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SOLD, Pen, Watercolor Pencil, Colored Pencil on Matboard; 52 cm x 21.5 cm (20.5″ x 8.5″)
“But I tell you who hear me: Love your enemies, do good to those who hate you, bless those who curse you, pray for those who mistreat you. If someone strikes you on one cheek, turn to him the other also. If someone takes your cloak, do not stop him from taking your tunic. Give to everyone who asks you, and if anyone takes what belongs to you, do not demand it back. Do to others as you would have them do to you.
If you love those who love you, what credit is that to you? Even sinners love those who love them. And if you do good to those who are good to you, what credit is that to you? Even ‘sinners’ do that. And if you lend to those from whom you expect repayment, what credit is that to you? Even ‘sinners’ lend to ‘sinners,’ expecting to be repaid in full. But love your enemies, do good to them, and lend to them without expecting to get anything back. Then your reward will be great, and you will be sons of the Most High, because he is kind to the ungrateful and wicked. Be merciful, just as your Father is merciful.” (Luke 6:27-36)
God’s love is non-sensical to us humans because it is so much greater than the humanly ‘love’ we communicate to one another here on earth.
Why does God tell us to love our enemies? What sort of unearthly reasoning lies behind that? To forgive and not retaliate seems to be a big enough ask for a normal human being, but to go a step further and love those hate us and do good to those who hurt us seems illogical and too difficult for the average person to do.
“‘For my thoughts are not your thoughts, neither are your ways my ways,’ declares the LORD. ‘As the heavens are higher than the earth, so are my ways higher than your ways and my thoughts than your thoughts.'” (Isaiah 55:8-9)
So far as I can understand it, however, this is the same sort of unearthly reasoning behind the grace and love of God that saved me.
“You see, at just the right time, when we were still powerless, Christ died for the ungodly. Very rarely will anyone die for a righteous man, though for a good man someone might possibly dare to die. But God demonstrates his own love for us in this: While we were still sinners, Christ died for us.
Since we have now been justified by his blood, how much more shall we be saved from God’s wrath through him! For if, when we were God’s enemies, we were reconciled to him through the death of his Son, how much more, having been reconciled, shall we be saved through his life! Not only is this so, but we also rejoice in God through our Lord Jesus Christ, through whom we have now received reconciliation.” (Romans 5:6-11)
I was God’s enemy when he saved me. I was in cold-hearted rebellion against him and did not heed his commands, for I did whatever I wanted when I wanted. I was selfishly living as the lord of my own life and thus denying him as Lord and God. All of us humans act in this way prior to encountering his Amazing Grace because it is our inherent sinful nature.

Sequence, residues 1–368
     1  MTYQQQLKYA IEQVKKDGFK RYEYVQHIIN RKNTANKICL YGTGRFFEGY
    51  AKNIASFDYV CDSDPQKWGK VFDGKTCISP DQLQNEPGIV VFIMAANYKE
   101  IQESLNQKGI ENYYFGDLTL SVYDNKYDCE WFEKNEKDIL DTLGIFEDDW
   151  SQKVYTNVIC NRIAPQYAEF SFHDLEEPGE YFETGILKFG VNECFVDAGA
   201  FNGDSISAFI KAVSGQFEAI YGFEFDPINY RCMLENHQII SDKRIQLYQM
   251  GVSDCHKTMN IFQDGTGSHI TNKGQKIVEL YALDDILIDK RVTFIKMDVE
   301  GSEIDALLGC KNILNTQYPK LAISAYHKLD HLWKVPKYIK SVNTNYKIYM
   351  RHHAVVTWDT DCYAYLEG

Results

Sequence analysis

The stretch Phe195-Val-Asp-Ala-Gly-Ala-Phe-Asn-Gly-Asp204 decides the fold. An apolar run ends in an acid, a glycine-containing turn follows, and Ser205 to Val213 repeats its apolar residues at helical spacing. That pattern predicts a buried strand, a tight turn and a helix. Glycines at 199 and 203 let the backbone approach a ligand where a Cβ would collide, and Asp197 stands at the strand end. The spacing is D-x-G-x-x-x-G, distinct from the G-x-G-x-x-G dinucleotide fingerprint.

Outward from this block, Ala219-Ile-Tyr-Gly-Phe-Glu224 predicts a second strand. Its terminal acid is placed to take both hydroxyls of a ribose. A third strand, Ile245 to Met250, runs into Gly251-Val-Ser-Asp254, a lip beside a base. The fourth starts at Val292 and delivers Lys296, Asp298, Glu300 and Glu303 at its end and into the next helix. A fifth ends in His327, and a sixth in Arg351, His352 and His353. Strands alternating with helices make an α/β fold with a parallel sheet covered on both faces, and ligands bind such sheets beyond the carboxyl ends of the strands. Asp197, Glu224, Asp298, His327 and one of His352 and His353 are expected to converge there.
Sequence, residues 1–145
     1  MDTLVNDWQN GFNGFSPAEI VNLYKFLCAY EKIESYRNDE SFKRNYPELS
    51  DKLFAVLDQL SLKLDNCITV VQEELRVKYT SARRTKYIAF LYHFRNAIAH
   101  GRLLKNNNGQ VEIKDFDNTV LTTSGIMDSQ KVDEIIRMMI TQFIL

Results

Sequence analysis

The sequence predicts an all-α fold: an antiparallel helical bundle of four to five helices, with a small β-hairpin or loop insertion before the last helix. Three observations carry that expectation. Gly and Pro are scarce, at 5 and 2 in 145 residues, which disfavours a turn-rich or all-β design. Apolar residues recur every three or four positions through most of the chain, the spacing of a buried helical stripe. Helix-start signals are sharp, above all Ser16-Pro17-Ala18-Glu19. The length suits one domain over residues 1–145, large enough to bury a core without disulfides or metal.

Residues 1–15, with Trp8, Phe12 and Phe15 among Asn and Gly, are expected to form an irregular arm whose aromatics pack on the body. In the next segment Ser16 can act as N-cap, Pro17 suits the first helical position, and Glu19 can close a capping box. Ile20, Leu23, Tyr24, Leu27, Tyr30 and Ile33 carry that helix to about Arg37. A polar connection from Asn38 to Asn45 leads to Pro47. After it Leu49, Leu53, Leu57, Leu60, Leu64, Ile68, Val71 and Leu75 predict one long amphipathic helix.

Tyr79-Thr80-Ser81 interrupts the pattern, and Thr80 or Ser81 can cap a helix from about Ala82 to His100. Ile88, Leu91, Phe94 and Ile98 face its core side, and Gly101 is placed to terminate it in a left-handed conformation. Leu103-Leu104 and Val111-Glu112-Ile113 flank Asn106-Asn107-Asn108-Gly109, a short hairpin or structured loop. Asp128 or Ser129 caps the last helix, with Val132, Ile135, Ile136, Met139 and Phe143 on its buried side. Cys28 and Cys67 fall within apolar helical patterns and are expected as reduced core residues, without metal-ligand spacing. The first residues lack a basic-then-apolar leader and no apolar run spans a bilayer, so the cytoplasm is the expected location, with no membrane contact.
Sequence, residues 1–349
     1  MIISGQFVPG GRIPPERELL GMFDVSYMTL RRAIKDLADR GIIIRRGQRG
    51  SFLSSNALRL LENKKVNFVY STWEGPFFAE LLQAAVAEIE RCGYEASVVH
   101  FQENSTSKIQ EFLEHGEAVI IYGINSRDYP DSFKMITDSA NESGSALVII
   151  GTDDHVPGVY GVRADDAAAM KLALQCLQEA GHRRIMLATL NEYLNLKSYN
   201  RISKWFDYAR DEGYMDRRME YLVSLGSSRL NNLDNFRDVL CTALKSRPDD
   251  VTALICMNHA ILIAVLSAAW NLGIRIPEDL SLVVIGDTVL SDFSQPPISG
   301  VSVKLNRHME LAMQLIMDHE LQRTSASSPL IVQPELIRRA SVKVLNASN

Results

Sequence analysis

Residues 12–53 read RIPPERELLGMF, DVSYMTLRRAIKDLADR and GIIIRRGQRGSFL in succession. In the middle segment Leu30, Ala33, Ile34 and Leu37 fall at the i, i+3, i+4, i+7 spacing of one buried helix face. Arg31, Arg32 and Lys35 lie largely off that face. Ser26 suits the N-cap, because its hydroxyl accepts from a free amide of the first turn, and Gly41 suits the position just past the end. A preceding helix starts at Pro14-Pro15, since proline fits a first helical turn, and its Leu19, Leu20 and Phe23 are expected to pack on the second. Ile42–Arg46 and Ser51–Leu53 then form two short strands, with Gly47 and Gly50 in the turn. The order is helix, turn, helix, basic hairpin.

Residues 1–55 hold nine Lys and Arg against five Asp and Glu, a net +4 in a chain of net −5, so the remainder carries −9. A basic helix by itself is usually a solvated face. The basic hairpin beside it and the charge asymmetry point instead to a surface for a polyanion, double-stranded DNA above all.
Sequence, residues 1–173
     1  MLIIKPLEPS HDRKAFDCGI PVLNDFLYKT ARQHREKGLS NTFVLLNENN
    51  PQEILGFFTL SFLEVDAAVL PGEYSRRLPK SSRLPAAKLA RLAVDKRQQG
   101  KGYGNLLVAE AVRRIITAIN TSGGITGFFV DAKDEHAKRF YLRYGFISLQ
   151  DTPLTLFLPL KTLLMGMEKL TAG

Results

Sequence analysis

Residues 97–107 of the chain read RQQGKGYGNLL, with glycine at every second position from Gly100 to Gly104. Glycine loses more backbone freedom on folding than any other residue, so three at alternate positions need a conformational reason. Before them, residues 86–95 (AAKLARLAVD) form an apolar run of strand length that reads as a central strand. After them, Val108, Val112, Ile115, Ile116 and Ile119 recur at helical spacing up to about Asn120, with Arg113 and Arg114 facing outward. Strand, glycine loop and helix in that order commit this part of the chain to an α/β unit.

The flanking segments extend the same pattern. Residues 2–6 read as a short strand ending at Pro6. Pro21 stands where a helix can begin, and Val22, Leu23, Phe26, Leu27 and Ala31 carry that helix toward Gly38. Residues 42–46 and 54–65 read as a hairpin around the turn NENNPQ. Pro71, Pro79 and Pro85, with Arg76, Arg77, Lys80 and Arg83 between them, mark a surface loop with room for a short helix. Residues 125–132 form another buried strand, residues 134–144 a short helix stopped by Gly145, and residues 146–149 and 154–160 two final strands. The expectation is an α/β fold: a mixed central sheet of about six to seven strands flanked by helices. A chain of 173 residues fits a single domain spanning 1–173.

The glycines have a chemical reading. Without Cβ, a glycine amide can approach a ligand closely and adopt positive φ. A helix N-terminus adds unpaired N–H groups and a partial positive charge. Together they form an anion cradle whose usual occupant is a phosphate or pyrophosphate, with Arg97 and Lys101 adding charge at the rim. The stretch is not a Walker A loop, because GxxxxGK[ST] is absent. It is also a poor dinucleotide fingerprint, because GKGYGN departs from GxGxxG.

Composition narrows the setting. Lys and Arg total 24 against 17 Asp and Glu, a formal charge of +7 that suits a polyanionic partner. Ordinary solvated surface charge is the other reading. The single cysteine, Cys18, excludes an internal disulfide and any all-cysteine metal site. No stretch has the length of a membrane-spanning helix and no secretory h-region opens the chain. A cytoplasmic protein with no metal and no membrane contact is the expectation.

“We have already made the charge that Jews and Gentiles [non-Jews] alike are all under sin. As it is written: ‘There is no one righteous, not even one; there is no one who understands, no one who seeks God. All have turned away, they have together become worthless; there is no one who does good, not even one.’ ‘Their throats are open graves; their tongues practice deceit.’ ‘The poison of vipers is on their lips.’ ‘Their mouths are full of cursing and bitterness.’ ‘Their feet are swift to shed blood; ruin and misery mark their ways, and the way of peace they do not know.’ ‘There is no fear of God before their eyes.'” (Romans 3:9-18)
Nevertheless, God loved me even when I was his enemy. He saw my predicament–that I was on my way to hell, for that is the just penalty I would reap for my rebellion. Thanks be to God that out of his great, non-sensical love, he saved me through Jesus Christ. Amazing grace, how sweet the sound that saved a wretch like me…
God graciously revealed to me my sinful state and my destiny if I continued in my sin…By grace he taught my heart to fear. Then he graciously revealed his provision in my helpless predicament: Jesus Christ, the Savior. In love, God came to earth as the man Jesus and laid down his life to ransom me from my sins and their penalty. He died on the cross in my place to pay the punishment for my sins. He showed me that if I repent (confess and turn away) from my sins and trust in Jesus to save me from my sins I would be forgiven and granted eternal life. God then granted me the gift of faith to believe and receive that free gift of reconciliation, forgiveness and eternal salvation in him….And grace my fears relieved, How precious did that grace appear the hour I first believed.
“As for you, you were dead in your transgressions and sins, in which you used to live when you followed the ways of this world and of the ruler of the kingdom of the air, the spirit who is now at work in those who are disobedient. All of us also lived among them at one time, gratifying the cravings of our sinful nature and following its desires and thoughts. Like the rest, we were by nature objects of wrath. But because of his great love for us, God, who is rich in mercy, made us alive with Christ even when we were dead in transgressions–it is by grace you have been saved. And God raised us up with Christ and seated us with him in the heavenly realms in Christ Jesus, in order that in the coming ages he might show the incomparable riches of his grace, expressed in his kindness to us in Christ Jesus. For it is by grace you have been saved, through faith–and this not from yourselves, it is the gift of God–not by works, so that no one can boast.” (Ephesians 2:1-9)
“At one time we too were foolish, disobedient, deceived and enslaved by all kinds of passions and pleasures. We lived in malice and envy, being hated and hating one another. But when the kindness and love of God our Savior appeared, he saved us, not because of righteous things we had done, but because of his mercy. He saved us through the washing of rebirth and renewal by the Holy Spirit, whom he poured out on us generously through Jesus Christ our Savior, so that, having been justified by his grace, we might become heirs having the hope of eternal life. This is a trustworthy saying…” (Titus 3:3-7)
If God so loved me, even when I was his enemy, if God laid down his life for me (and “Greater love has no one than this, that he lay down his life for his friends” (John 15:13)–and how much greater to lay down his life for his enemies), then am I not to behave in the same manner as a child of God, since I have now been born again and bear my Father’s spiritual DNA (1 John 3:9)?